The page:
Recreating the Golden Age

March 25, 2018

Nur e Alaleh, Shehla Chatoor’s first solo couture show, tapped into Renaissance and recreated the kind of magic she is known for.

Recreating the Golden Age

Shehla Chatoor is a perfectionist and people who know her also know the kind of effort and attention to detail she puts into everything she does. It has been evident in the luxury clothing (wedding and luxury pret) she has been creating for over a decade, in the lawn she designed for two years and now, in the debut solo show that she conceptualized for Nur-e-Alaleh, her couture collection for 2018.

An old colonial mansion behind Frere Hall in Karachi was chosen as venue and the garden was transformed into an enchanted forest, replete with white birds in flights of fancy, gilded wings reminiscent of cherubic angels from ancient Renaissance art, a catwalk lined with abundant white flowers and an overall sense of dignified opulence. I say dignified because couture has a tendency of going over board but the expertise of a designer like Shehla Chatoor comes in the knowledge of knowing where to stop.

The show started past the sundown that it had been timed around but it gave the guests enough time to socialize over cocktails. There was an impressive guest list to mingle within - from the design community came Bunto Kazmi, Maheen Khan, Maheen Karim, Safinaz Muneer and Adnan Pardesy amongst others. An impressive smattering of media - journalists, bloggers and instagrammers - had been flown in from all over the country and also occupying the front row was Shehla’s society fraternity, many of whom are patrons of the brand.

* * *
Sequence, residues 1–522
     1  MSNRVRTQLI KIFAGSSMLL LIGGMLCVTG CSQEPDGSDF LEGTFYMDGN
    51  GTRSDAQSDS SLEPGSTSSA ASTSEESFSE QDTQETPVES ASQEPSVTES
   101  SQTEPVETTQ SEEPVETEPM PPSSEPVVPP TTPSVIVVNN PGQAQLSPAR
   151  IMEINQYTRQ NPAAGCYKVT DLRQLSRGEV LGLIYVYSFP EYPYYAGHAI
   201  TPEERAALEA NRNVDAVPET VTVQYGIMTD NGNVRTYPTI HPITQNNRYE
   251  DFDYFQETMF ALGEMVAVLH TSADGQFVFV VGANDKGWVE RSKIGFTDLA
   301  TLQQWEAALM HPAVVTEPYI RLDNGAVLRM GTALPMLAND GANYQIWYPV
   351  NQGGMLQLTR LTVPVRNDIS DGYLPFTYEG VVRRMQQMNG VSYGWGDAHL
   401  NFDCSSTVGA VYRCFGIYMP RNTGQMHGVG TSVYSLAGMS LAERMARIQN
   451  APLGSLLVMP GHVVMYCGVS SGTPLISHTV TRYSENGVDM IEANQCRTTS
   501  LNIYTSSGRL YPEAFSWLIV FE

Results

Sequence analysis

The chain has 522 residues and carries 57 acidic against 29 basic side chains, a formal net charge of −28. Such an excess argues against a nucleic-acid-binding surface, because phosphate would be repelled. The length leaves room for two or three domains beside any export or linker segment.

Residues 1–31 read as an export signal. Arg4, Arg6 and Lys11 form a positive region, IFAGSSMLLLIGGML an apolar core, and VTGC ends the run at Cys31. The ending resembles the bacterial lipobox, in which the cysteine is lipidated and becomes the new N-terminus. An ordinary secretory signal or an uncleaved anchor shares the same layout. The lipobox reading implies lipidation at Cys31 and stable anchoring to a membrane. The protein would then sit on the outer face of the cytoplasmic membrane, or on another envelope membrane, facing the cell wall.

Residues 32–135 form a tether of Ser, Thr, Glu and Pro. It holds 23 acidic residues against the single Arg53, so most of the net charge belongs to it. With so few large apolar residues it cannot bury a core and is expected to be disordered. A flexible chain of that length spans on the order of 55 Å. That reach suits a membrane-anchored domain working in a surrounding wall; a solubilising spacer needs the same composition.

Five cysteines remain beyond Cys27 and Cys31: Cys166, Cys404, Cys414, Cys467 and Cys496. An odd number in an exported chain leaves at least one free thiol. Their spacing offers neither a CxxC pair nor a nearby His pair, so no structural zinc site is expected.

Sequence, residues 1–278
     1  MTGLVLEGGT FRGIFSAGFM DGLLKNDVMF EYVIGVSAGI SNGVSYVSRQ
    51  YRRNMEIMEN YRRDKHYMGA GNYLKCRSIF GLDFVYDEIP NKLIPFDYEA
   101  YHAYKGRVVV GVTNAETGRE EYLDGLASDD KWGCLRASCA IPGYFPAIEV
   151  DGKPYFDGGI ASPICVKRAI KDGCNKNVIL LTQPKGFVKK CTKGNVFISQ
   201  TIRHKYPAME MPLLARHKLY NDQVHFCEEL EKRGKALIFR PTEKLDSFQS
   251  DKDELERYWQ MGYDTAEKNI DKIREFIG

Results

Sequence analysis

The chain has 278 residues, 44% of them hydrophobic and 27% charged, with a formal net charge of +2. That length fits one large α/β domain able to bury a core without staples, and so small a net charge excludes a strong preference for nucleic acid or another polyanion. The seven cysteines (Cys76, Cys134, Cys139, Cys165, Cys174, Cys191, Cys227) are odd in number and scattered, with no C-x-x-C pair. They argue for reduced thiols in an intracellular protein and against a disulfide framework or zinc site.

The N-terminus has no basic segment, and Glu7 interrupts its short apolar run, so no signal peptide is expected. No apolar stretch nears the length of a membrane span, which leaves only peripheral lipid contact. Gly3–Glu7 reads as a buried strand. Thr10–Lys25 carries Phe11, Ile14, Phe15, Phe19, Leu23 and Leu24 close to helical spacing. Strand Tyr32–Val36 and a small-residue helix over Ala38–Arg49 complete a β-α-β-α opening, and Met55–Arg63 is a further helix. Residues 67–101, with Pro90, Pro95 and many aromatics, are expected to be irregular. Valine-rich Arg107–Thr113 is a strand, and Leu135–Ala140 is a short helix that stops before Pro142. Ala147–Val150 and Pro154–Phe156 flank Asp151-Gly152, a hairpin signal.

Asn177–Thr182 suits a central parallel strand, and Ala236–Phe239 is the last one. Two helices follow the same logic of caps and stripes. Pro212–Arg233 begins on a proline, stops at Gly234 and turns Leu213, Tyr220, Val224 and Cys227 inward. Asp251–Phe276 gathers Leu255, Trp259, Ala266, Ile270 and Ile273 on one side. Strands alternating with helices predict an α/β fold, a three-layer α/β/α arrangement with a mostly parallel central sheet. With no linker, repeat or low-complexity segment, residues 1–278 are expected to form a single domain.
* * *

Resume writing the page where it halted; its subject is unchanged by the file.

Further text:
The collection itself, well, I’ll go back to the word perfection because it was every bit of what a couture collection should be. The attention to detail, the immaculate finish and the workmanship justified every second of the six months that it had taken her to put it together. Workmanship is one essential element of couture, but it’s the silhouette that brings it out of ‘costume’ category and makes it fashionable and Shehla’s Nur e Alaleh was modern and versatile. It offered the luxury buyer a choice of opulent ghararas and lehengas and women looking for a more contemporary look could refer to the velvet pantsuits and shorter shirts, which could be paired with lighter lowers as opposed to the heavy skirts they were showcased with. The 30-outfit range covered everything.

Shehla has a natural love for the Renaissance, evident in her studio with all its shades of gold and finery and this love for the Golden Age flowed freely through the collection. Nur e Alaleh, which translates to ‘light from a heavenly flower,’ touched upon a celestial shade of blue, washes of gold dust and moved into deep jewel tones that are also quintessentially Shehla Chatoor. I can say, and this is the strength of a designer, that Shehla has a signature so strong that I would be able to pick out her bridal ensemble from a room full of labels.